Bill Clinton Highlights Undocumented Students, Diversity in Speech at America’s Promise Summit
“I believe our diversity is a great opportunity,” Clinton said, rejecting Trump’s aggressive stance on immigration without ever uttering his name. “None of us are born in the log cabin we built ourselves.”
Clinton’s speech came during the 20th-anniversary celebration of the America’s Promise Alliance, a nonprofit founded by retired four-star general and former secretary of state Colin Powell.
Tuesday’s event featured a wide range of discussions focusing on issues that prevent at-risk children from graduating high school, including undocumented immigration status, the school-to-prison pipeline, student homelessness, and school segregation.
Speakers included former U.S. education secretary Arne Duncan and Jose Antonio Vargas, a Pulitzer Prize–winning journalist who publicly revealed his status as an undocumented immigrant to advocate for the right of undocumented young people to stay in the country under the DREAM Act. The event also featured appearances by Powell and his wife, Alma Powell, who took over as chairwoman of the organization when her husband was tapped to lead the State Department.
“I choose to be public about being undocumented because I will not let a presidency scare me from my own country,” Vargas said. “I think the message to undocumented people all across this country, and young people in particular, is trying to remember the history of this country, that you are a part of what defines the fight for a more inclusive, more just America.”
The event was billed as an opportunity for government officials, business leaders, and community stakeholders to reaffirm their commitment to improving outcomes for America’s most at-risk kids — an agreement reached during a 1997 summit in Philadelphia featuring then-President Clinton; former presidents George H.W. Bush, Jimmy Carter, and Gerald Ford; and former first lady Nancy Reagan, representing Ronald Reagan, who was ill at the time.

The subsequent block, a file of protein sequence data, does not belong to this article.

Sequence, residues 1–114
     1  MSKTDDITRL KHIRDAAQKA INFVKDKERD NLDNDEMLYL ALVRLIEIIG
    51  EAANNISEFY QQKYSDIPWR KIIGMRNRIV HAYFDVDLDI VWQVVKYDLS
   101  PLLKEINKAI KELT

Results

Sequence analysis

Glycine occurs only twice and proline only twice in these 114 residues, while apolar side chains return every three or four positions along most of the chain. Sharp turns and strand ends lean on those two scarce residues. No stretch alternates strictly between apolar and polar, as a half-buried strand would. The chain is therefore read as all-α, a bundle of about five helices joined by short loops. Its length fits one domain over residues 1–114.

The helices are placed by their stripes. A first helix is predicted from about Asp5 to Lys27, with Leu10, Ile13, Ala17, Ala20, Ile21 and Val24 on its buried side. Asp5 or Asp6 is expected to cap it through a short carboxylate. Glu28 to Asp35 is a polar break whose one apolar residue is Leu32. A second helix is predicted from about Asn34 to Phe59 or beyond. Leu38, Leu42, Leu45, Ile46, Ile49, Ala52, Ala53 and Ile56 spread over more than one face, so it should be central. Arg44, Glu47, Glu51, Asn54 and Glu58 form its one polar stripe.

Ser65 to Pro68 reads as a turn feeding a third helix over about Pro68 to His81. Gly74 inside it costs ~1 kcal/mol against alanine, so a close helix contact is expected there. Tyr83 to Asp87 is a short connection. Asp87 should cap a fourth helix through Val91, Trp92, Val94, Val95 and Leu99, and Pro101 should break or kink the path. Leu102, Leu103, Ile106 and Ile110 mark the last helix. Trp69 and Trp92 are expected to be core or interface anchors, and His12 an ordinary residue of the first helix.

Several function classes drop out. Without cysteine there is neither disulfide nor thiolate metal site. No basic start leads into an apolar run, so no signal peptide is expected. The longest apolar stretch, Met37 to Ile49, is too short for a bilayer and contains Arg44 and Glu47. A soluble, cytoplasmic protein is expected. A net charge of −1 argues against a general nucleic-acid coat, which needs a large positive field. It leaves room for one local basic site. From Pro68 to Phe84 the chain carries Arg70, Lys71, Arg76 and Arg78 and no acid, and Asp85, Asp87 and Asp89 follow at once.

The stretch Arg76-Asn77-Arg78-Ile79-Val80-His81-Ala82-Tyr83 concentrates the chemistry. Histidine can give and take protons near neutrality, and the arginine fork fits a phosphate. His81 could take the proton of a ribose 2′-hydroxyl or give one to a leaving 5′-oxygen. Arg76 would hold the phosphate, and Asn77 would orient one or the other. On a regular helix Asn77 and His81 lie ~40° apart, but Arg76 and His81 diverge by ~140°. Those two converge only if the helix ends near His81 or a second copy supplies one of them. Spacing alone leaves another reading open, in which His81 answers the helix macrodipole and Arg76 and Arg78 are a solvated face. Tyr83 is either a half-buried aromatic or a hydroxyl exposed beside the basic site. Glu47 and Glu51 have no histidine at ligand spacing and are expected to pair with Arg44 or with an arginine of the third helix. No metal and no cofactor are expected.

“Across party lines and political philosophy, we always seem to have a fundamental understanding that societies and economics are about addition and not subtraction; about multiplication, not division,” Clinton said Tuesday.
During his late-morning keynote address, the former president pointed to Japan as an example of a misguided approach to immigration. The Japanese government, he said, has “loathed to take immigrants,” and as a result, the country faces a population plunge over the next few decades.
“When we take our guard down and we open our eyes and our ears, we can see the heart of things in a way that would otherwise not be possible,” Clinton said. “That is America’s promise: not to abolish difference, but to make diversity a strength, to understand that diverse groups make better decisions.”
That optimism contrasted sharply with Clinton’s actions as president. He approved some of the toughest rules against illegal immigration in decades — and Trump has doubled down on those efforts with get-tough policies of his own.
But while districts across the country are declaring themselves “sanctuary schools” to ease student fears about potential deportation crackdowns, Tuesday’s discussions on improving prospects for immigrant children were not prompted by the Trump presidency, said alliance president and CEO John Gomperts.
The group’s GradNation campaign is its largest K-12 school initiative — an ambitious push to help 90 percent of American youth graduate from high school by 2020. Immigrant students, Gomperts said, are among those most at risk of being left behind. Similarly, he said, schools across the country are grappling with how to best educate America’s growing population of English-language learners.
Powell, the son of Jamaican immigrants, has slammed Trump for his immigration priorities in recent years. During a 2015 event in Washington, Powell said then-candidate Trump should let his immigrant employees stay home from work for a day so he could better understand their value to the U.S. economy.
“These are first-generation American immigrants who will raise children who will go up to higher things,” Powell said at the time. “They’re not mopping floors and waiting tables so their children can do the same. It’s that immigrant tradition — get started and the next generation will be better, and the generation after that will be even better.”
Powell told The 74 his parents moved to America in search of economic opportunity. The 41 million immigrants and 37 million U.S.-born children of immigrants deserve the same access to education he had as a student in New York City public schools, he said.
“If young people live in fear,” he said, “how is it possible for them to truly take advantage of a successful educational experience that will then play an integral role in making the American dream true for them?”
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